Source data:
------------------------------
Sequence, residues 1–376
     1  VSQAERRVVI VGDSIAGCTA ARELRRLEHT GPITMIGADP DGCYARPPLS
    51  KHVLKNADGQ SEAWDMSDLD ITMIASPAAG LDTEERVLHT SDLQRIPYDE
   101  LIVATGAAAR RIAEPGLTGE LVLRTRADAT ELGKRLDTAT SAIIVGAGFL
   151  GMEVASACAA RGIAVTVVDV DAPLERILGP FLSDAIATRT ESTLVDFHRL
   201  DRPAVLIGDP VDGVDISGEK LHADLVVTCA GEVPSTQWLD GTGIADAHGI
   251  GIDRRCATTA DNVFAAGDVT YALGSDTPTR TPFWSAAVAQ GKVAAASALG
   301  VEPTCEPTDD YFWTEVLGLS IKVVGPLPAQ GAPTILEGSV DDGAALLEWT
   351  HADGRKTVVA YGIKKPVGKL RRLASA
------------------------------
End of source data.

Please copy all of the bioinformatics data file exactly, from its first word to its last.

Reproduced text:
Sequence, residues 1–376
     1  VSQAERRVVI VGDSIAGCTA ARELRRLEHT GPITMIGADP DGCYARPPLS
    51  KHVLKNADGQ SEAWDMSDLD ITMIASPAAG LDTEERVLHT SDLQRIPYDE
   101  LIVATGAAAR RIAEPGLTGE LVLRTRADAT ELGKRLDTAT SAIIVGAGFL
   151  GMEVASACAA RGIAVTVVDV DAPLERILGP FLSDAIATRT ESTLVDFHRL
   201  DRPAVLIGDP VDGVDISGEK LHADLVVTCA GEVPSTQWLD GTGIADAHGI
   251  GIDRRCATTA DNVFAAGDVT YALGSDTPTR TPFWSAAVAQ GKVAAASALG
   301  VEPTCEPTDD YFWTEVLGLS IKVVGPLPAQ GAPTILEGSV DDGAALLEWT
   351  HADGRKTVVA YGIKKPVGKL RRLASA